Truth and Honor

Greetings from the Franklin, although I may not be particularly versed in diction and rhyme being the burel man I am, I pray that my tale of devotion and honesty strikes a moral chord with my fellow travelers. The heart of my tale lies in the value of the vows people share with one another. Rather than be critical of those who exhaust their words like the air they breathe I’ve decided upon a tale where the virtuous nature of people prevail. Of course we see a chain reaction of valor and truth flow from Arveragus who sees value in maintaining his wife’s promise to Aurelius who recognizes the importance of Arveragus and Dorigen’s wedding vows and finally to the sorcerer who calls off Aurelius’ grave debt. One question I would like to pose to my fellow travelers is whether or not they perceive Arveragus and Dorigen’s marriage to be on as equal-footing as to which they claim, “That nevere in al his lyf he, day ne nyght, ne sholde upon hym take no maistrie agayn hir wyl, ne kithe hire jelousie. But hire obeye, and folwe hir wyl in al” (Line 746-749, pg. 178 The Riverside Chaucer). While it certainly exceeds the middle-age standards of feminine rights it may also not be a truly equal relationship. Arveragus’ departure is motivated by his desire to assert himself as a knight in Britain and they agree that he will appear to have control over Dorigen in the public eye so as not to ruin his reputation. I have put forth two characters whom I feel to be pious and truthful but my fellow travelers –are they in fact true to their claim of being equal in their relationship?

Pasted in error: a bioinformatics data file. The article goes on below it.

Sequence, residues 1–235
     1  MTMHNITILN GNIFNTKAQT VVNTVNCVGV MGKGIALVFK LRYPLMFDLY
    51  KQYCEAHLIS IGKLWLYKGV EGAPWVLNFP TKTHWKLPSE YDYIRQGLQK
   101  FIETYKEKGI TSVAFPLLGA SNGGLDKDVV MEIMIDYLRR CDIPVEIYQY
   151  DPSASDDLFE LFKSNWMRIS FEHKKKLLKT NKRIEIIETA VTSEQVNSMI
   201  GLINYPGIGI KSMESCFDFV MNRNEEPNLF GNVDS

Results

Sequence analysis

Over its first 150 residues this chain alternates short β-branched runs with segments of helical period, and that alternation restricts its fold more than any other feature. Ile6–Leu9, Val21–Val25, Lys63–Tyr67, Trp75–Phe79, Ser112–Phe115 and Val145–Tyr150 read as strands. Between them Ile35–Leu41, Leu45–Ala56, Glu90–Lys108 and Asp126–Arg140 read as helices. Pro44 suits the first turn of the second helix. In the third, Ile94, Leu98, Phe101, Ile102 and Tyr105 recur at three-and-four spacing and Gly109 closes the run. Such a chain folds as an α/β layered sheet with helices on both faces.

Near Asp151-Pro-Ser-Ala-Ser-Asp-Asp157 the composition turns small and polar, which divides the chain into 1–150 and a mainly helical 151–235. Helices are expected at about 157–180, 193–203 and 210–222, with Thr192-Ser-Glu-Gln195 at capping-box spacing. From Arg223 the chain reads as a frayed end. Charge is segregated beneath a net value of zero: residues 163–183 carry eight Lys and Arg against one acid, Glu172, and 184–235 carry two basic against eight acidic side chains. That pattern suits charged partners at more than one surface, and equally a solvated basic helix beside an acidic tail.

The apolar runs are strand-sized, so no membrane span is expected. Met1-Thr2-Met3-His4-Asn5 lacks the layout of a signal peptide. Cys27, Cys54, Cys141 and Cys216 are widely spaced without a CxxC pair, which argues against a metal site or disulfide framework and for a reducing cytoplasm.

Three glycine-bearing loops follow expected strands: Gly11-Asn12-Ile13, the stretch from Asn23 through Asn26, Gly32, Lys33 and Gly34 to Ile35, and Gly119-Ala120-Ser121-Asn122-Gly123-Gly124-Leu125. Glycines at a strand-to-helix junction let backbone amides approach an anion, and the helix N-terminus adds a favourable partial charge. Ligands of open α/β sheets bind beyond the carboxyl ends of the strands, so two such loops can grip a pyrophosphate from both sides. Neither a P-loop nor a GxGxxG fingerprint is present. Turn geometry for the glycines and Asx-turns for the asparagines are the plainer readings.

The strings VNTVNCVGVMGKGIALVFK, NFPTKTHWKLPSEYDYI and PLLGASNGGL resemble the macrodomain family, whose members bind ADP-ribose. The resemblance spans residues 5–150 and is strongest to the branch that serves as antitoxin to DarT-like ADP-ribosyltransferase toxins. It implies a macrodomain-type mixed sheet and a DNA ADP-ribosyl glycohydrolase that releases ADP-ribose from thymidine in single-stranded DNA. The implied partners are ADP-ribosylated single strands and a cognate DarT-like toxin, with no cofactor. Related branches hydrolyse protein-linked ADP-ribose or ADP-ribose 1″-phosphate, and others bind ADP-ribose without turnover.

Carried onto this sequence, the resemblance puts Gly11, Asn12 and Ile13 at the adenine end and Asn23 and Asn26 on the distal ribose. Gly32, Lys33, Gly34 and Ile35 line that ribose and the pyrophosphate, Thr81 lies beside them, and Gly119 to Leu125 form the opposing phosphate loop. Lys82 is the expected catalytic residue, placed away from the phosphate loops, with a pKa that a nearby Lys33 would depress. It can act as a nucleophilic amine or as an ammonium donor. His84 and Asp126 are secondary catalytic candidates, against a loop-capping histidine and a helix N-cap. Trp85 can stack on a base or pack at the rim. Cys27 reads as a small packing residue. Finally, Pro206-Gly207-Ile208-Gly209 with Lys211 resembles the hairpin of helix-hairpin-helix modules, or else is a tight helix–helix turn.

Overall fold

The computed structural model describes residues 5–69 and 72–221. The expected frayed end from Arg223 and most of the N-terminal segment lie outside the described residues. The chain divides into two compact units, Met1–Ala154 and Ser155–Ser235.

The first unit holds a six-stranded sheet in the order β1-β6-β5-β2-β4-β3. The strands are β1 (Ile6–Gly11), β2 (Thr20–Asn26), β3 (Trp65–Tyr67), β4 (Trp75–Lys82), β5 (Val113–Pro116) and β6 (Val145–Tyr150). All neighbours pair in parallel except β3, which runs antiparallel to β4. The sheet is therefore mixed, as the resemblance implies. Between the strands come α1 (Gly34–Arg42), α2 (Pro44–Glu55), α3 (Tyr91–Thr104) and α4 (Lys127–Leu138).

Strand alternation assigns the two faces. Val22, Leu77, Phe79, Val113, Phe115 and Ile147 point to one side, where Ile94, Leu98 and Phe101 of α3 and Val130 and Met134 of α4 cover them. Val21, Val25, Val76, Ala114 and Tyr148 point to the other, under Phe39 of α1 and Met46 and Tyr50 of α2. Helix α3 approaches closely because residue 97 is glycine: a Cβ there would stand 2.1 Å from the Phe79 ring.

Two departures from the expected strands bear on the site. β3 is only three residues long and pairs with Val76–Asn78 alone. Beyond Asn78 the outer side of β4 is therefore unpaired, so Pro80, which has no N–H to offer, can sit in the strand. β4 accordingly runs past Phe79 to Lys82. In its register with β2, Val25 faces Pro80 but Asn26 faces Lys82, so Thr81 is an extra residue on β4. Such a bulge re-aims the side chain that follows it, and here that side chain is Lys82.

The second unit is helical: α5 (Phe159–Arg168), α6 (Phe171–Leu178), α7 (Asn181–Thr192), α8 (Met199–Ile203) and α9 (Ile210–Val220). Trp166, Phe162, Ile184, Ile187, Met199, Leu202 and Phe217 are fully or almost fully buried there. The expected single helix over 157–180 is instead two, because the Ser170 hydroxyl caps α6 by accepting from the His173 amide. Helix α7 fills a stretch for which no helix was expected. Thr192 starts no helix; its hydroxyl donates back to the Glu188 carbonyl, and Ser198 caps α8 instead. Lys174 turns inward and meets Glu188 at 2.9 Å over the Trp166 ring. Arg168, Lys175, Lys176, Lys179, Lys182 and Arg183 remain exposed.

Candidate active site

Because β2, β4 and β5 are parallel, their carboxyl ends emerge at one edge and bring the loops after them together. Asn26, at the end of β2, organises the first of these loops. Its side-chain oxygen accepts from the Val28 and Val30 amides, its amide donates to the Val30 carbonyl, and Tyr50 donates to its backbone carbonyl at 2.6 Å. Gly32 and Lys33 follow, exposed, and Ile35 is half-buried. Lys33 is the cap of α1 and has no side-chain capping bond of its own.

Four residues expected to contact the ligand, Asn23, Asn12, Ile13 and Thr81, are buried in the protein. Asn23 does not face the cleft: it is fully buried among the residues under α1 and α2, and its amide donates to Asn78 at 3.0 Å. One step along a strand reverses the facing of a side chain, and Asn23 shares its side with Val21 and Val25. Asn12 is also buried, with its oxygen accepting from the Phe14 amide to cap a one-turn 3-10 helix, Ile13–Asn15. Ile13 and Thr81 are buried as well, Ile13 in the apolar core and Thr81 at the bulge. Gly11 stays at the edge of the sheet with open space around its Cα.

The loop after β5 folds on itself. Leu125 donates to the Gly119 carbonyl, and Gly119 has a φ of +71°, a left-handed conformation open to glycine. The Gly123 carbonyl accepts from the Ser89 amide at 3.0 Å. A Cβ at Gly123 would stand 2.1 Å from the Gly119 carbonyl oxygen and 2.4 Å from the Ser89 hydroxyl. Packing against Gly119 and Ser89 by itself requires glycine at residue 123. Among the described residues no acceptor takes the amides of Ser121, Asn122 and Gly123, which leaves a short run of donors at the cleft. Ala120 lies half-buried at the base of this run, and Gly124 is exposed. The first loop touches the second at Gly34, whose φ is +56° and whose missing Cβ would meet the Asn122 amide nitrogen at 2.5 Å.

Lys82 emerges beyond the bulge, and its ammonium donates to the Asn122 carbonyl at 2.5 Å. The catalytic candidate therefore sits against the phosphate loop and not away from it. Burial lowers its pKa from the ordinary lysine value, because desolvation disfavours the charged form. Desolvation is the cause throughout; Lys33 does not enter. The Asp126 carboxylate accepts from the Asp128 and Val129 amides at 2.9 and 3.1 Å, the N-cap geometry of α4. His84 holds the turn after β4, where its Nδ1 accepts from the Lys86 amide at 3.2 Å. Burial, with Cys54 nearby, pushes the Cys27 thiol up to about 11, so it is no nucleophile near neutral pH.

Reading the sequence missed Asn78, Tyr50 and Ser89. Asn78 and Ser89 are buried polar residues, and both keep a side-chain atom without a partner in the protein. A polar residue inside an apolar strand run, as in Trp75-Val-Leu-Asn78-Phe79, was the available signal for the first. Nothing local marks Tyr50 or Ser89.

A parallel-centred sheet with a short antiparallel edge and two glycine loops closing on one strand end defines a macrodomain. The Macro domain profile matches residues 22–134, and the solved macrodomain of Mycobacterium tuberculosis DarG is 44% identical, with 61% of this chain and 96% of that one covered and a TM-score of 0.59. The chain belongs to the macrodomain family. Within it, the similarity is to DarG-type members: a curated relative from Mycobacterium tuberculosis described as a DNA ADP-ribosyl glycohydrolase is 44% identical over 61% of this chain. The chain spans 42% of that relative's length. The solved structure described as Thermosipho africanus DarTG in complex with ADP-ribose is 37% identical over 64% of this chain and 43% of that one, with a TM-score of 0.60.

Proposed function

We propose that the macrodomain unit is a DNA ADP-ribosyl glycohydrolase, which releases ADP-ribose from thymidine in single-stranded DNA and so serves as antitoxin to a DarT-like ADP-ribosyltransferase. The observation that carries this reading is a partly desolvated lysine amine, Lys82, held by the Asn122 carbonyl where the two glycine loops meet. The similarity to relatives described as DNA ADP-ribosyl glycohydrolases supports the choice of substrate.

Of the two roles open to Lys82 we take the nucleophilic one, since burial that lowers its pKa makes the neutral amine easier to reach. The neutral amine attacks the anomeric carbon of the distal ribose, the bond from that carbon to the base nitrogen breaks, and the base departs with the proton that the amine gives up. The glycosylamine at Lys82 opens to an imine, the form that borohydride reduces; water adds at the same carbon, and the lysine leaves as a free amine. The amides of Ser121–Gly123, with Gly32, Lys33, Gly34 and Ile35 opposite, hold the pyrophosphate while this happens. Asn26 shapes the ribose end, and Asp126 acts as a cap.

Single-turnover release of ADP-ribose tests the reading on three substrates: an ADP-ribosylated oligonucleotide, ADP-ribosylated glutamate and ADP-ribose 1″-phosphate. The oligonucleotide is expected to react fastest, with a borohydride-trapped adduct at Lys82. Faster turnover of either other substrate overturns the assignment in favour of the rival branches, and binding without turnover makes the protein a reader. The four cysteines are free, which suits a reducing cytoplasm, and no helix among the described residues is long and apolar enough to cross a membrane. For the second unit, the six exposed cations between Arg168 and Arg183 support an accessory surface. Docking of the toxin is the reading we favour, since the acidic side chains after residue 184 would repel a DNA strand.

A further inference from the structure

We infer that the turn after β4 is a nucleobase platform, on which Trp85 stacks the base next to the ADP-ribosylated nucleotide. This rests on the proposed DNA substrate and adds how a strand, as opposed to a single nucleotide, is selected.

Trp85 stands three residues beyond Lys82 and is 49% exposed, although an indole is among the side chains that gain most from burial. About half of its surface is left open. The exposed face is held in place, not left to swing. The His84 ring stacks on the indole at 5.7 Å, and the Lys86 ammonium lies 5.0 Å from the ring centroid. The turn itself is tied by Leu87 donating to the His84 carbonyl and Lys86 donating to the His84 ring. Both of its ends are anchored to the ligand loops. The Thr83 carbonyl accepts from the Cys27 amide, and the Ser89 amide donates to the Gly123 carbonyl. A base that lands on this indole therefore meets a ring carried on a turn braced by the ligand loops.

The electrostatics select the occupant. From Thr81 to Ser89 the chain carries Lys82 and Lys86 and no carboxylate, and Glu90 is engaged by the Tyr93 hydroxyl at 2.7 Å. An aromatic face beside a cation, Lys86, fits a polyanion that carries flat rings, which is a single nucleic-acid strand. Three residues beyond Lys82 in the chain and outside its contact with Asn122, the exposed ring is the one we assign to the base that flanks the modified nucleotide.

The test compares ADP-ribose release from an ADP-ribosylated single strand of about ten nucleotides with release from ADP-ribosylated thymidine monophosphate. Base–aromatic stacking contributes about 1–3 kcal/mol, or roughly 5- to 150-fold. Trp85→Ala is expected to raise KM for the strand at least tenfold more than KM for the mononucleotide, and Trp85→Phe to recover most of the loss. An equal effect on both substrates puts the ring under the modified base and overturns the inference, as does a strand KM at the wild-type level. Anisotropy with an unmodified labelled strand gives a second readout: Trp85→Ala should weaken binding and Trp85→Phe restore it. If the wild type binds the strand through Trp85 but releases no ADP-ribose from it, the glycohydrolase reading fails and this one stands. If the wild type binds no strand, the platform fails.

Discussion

2 thoughts on “Truth and Honor

  1. I think their marriage is a sham! What man in his right mind would allow his wife to be with another man? Is he not man enough to fight for her and her honor? I think he is a coward who wants to avoid confrontation. Such a man I care never to know.

  2. I agree, Averagus should have dueled with Aurelius over Dorigen. That has been his wife for years, and is his to keep. Unless of course Averagus chose to leave Dorigen himself. How is he supposed to trust her now that she flirts with young men while he’s overseas?

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